Carbon emissions are about to have a rocky future, thanks to a $4 million grant to UT’s Bureau of Economic Geology from the U.S. Department of Energy.
The grant was given to the bureau, which is part of UT’s Jackson School of Geosciences, to lead a regional partnership to research how carbon dioxide emissions can be safely stored in rock formations under the floor of the Gulf of Mexico.
“This is the type of science that aims at tackling big issues by bringing government, industry, community stakeholders and academia together to create innovative solutions … ,” Bureau director Scott Tinker said in a press release.
This process will involve capturing the carbon dioxide emissions, transporting them offshore and pumping the emissions into geologic formations deep beneath the floor of the Gulf.
“Right now, when we take fossil fuels out and bring them to the surface … and combust them we transfer the carbon from the earth and put it into the atmosphere,” said Susan Hovorka, a principal investigator for the research. “There are risks with this.”
The goal of this research is to create a long-term storage solution for emissions from carbon dioxide.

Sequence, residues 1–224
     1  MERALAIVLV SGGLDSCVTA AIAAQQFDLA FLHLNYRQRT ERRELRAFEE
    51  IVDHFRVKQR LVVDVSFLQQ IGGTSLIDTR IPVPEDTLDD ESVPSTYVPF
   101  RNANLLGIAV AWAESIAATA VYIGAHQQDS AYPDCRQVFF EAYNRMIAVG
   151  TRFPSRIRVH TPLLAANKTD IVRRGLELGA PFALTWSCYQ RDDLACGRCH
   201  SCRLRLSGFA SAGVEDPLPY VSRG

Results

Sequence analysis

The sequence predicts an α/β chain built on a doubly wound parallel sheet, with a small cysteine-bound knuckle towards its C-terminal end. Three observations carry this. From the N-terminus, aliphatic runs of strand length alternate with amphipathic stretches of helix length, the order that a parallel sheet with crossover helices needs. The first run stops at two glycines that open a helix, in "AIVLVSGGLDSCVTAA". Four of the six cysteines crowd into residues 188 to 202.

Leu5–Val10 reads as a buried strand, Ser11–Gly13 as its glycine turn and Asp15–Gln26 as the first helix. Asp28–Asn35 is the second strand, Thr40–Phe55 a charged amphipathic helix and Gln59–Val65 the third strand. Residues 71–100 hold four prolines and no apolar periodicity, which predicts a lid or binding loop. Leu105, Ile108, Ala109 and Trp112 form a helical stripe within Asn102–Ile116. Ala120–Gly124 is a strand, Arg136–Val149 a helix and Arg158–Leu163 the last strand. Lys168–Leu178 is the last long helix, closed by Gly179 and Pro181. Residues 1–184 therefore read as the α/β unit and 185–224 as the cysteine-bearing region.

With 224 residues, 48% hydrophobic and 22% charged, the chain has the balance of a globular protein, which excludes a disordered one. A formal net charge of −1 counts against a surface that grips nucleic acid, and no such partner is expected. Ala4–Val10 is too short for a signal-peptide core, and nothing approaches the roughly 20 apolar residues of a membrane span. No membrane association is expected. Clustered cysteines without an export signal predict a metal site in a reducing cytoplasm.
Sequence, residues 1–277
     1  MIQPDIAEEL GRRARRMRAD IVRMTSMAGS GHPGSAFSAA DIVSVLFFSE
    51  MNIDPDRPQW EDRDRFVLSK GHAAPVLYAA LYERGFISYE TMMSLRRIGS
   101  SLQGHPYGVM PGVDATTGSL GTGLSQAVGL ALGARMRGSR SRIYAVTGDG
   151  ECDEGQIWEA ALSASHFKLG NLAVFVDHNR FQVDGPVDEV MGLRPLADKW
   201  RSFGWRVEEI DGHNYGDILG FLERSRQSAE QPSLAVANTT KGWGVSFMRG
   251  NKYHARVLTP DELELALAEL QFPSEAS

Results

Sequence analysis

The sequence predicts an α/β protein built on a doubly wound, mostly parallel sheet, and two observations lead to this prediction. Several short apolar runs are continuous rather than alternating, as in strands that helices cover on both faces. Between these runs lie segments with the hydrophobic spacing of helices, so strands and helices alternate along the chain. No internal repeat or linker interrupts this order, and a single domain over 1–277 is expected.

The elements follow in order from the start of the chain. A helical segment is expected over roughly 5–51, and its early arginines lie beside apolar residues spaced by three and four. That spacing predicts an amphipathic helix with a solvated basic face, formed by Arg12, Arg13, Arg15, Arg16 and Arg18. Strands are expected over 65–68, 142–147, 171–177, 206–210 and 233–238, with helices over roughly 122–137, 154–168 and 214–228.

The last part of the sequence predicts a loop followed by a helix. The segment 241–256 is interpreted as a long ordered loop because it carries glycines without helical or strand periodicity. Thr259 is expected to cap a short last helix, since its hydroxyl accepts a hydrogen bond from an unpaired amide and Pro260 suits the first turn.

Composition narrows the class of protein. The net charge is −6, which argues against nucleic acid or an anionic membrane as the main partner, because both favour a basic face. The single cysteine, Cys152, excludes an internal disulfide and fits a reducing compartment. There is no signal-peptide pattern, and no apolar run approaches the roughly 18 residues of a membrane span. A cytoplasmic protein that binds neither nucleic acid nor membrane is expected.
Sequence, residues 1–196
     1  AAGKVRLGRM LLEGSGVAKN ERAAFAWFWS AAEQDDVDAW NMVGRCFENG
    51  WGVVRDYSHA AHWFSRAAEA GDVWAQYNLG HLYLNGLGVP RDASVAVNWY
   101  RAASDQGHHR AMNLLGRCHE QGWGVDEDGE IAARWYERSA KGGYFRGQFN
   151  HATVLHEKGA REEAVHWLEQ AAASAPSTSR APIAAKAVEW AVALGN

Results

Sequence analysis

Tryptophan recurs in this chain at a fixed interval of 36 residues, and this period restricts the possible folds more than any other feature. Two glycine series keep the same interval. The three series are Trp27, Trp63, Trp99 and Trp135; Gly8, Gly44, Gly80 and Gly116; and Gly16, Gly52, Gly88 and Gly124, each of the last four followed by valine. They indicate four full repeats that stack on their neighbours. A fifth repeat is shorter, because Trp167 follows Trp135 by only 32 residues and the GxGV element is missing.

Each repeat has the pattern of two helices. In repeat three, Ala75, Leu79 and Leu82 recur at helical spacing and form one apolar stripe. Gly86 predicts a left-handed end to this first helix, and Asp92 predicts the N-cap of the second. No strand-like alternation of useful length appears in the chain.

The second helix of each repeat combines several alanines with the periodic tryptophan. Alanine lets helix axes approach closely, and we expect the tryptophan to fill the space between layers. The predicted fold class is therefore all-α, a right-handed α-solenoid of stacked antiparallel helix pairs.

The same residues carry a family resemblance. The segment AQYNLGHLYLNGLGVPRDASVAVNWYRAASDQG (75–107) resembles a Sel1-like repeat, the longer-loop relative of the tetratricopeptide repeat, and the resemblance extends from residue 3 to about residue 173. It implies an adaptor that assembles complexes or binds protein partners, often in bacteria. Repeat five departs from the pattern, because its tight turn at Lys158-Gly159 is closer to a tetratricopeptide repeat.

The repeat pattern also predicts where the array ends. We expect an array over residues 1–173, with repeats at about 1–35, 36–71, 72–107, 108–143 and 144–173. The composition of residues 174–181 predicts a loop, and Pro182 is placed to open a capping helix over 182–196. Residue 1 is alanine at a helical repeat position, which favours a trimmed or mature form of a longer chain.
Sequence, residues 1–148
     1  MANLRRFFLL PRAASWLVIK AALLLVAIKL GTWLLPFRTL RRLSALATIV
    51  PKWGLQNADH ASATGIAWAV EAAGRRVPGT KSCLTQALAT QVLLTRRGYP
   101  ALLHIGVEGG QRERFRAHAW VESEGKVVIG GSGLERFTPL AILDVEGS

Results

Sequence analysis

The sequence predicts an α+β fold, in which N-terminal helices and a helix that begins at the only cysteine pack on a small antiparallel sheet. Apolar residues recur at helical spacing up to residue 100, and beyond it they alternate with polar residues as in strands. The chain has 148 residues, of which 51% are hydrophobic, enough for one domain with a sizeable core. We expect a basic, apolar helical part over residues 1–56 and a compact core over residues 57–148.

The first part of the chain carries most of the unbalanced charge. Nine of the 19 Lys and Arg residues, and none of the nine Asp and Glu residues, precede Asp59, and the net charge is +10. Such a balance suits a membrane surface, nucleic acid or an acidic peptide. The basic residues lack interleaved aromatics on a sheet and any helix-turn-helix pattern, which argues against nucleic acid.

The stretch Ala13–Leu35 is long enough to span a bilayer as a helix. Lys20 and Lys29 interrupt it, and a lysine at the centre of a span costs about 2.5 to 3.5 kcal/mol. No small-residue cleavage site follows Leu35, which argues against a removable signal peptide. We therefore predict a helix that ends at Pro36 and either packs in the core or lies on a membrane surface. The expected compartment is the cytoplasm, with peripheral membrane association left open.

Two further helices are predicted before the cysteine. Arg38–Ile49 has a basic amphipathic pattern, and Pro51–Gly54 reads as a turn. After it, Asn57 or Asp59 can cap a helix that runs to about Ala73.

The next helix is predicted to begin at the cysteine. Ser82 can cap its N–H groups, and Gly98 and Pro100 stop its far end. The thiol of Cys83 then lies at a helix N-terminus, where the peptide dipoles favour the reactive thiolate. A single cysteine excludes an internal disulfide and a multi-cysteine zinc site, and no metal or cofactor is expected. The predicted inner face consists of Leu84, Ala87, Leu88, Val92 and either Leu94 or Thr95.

“We believe there is a solution for addressing atmospheric emissions that also promotes economic growth,” said Timothy Meckel, a principal investigator for the research. “We would like to demonstrate that we could utilize offshore geology for addressing national atmospheric emission issues as well as state and local issues.”
The grant will fund a four-year partnership led by the Bureau’s Gulf Coast Carbon Center.
Some partners include researchers from UT’s Institute for Geophysics, the Hildebrand Department of Petroleum Geosystems and Engineering, Lamar University and the U.S. Geological Survey.
“We have a very good team,” Hovorka said. “It’s a partnership. It’s not just about UT — it’s about the strength of our partners. We (also) have a strong track record and very good technical skills.”
The Bureau is also working with the Texas General Land Office, which oversees areas in the Gulf that are suitable for carbon dioxide emissions storage. Revenue from these areas goes to the Permanent School Fund, which supports primary education in Texas.
“If we can use state offshore lands for carbon dioxide storage, we might be able to find a way to increase the amount of income for the Permanent School Fund and therefore support some of the primary education in the state of Texas,” Meckel said.